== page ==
AUSTIN, Texas -- Dell has introduced some fruitless cloud services in recent years but this week, the company laid out a new strategy to gain cloud momentum from its home turf – the enterprise data center.
Dell Inc. has spent more than $12 billion in the past three to five years to transform from a hardware company to one that delivers a full complement of IT services. Today, it offers all the components necessary to build
Still, it may be a worthwhile endeavor for Dell. Dario Zamarian, Dell Inc.'s executive vice president and general manager, spoke with Margie Semilof, an editorial director at TechTarget, about Dell's cloud services strategy.
Q. What should Dell's priorities be in going after available opportunities in the cloud, given the positions already staked out by traditional competitors like IBM and HP?
Zamarian: First, we want to make sure we are using the word ‘cloud' the same way, as Dell comes from a midmarket heritage.
We talk to a lot of customers in depth around what applications they use and what virtualization projects they have. The virtualization trajectory is what brings us to a private cloud. After that we bring in the architecture reference designs that have server, storage and networking put together. We ask what are you trying to do in the application space, and if the application space requires a private cloud concept, that is our center of gravity. So can we create a virtualization layer, can we orchestrate virtual machines, and run applications on top of that. Applications can be anything that runs the customer's business.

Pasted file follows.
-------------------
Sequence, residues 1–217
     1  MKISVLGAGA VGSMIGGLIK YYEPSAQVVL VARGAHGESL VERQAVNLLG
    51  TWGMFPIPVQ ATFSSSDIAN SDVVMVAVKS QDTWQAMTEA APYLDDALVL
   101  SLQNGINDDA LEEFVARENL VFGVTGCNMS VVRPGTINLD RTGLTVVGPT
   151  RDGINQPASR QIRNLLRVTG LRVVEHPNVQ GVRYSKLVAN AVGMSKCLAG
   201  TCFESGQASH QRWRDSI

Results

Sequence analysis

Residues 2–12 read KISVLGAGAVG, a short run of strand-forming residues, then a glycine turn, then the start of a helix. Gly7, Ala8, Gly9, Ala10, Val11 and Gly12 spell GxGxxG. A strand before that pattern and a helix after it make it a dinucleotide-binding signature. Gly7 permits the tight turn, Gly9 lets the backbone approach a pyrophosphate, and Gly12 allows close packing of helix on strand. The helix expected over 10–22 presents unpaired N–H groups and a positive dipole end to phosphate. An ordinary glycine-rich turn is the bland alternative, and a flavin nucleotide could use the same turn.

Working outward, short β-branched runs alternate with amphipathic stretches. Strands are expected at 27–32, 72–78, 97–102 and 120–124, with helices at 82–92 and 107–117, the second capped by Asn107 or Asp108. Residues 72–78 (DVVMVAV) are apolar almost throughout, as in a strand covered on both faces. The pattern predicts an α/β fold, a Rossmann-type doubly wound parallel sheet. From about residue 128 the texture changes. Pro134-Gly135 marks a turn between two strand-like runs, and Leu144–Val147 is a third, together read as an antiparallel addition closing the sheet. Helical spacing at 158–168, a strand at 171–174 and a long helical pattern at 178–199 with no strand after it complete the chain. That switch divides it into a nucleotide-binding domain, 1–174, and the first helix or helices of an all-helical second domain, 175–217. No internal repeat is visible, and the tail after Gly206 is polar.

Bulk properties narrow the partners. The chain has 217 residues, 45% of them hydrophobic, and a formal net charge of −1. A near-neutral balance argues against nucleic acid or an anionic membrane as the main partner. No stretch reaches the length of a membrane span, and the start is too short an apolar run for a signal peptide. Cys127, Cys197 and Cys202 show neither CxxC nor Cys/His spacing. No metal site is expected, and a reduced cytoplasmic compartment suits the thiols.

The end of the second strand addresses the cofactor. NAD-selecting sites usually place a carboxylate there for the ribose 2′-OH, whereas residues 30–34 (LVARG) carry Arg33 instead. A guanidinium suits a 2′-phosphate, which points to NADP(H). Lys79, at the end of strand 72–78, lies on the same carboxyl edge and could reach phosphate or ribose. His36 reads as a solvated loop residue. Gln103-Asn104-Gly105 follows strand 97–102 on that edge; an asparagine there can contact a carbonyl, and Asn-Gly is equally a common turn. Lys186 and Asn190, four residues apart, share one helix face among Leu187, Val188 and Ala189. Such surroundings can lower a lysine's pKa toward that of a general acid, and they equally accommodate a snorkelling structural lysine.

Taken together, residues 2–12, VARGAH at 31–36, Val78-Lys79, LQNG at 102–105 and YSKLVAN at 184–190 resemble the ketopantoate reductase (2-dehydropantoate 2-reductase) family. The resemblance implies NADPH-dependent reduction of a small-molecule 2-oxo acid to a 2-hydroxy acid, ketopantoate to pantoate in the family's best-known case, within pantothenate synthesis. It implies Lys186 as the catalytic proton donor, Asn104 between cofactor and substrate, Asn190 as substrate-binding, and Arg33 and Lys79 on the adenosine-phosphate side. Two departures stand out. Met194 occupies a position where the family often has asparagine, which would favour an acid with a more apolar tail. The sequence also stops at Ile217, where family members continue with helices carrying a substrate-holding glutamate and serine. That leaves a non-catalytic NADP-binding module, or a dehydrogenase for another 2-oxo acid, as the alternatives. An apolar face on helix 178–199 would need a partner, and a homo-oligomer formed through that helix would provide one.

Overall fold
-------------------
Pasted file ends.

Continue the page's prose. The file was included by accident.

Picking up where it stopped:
After we have the workload conversation, we talk about private cloud. Within that is the notion of the private cloud and the public cloud. If you are ready to modernize your data center, it is in that context that we do a balancing act between what goes on premise and what stays off. Other competitors might come from a public cloud point of view. It makes sense for us to start from the private cloud.
Q, Tell me about Quest's role in Dell's cloud services strategy?
Zamarian: In a world where converged infrastructure is not just a term but a necessity to buy servers, storage, networking, and systems management, [it's Dell] going after pre-integrated systems and being able to load a virtualization layer and application. In that context, Quest can be a layer on top to be used for application performance monitoring, management.
Q. I've received some feedback from IT pros here that say you've acquired so much that they fear your ability to digest the acquisitions, and fear you are not communicating clearly with customers. They don't know what you have. What's on tap to address that?
Zamarian: There is no doubt that we've invested a tremendous amount of money. There is no denying the real hard problem after an acquisition is the integration itself. The problems we make are significant but job is not done. Events such as DellWorld, helps us put together the bigger picture.
We are on top of the trends. [It may be suggested that] we have indigestion and that is just natural. We are focused now, even more than during the primary acquisition phase, on putting together a coherent and logical message, not just for the industry but for customers. We've made progress on that.
Read what Dell had to say about data center network architecture with SDN automation.